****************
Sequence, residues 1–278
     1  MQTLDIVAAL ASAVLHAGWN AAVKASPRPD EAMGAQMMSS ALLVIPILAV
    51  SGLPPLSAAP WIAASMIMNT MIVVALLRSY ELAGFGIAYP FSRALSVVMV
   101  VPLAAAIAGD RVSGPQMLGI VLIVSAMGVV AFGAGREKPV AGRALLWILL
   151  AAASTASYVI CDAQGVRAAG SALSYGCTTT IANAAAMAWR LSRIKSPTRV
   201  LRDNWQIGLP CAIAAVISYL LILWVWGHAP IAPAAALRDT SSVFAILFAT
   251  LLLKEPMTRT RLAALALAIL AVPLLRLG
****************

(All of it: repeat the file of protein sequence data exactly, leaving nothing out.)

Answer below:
Sequence, residues 1–278
     1  MQTLDIVAAL ASAVLHAGWN AAVKASPRPD EAMGAQMMSS ALLVIPILAV
    51  SGLPPLSAAP WIAASMIMNT MIVVALLRSY ELAGFGIAYP FSRALSVVMV
   101  VPLAAAIAGD RVSGPQMLGI VLIVSAMGVV AFGAGREKPV AGRALLWILL
   151  AAASTASYVI CDAQGVRAAG SALSYGCTTT IANAAAMAWR LSRIKSPTRV
   201  LRDNWQIGLP CAIAAVISYL LILWVWGHAP IAPAAALRDT SSVFAILFAT
   251  LLLKEPMTRT RLAALALAIL AVPLLRLG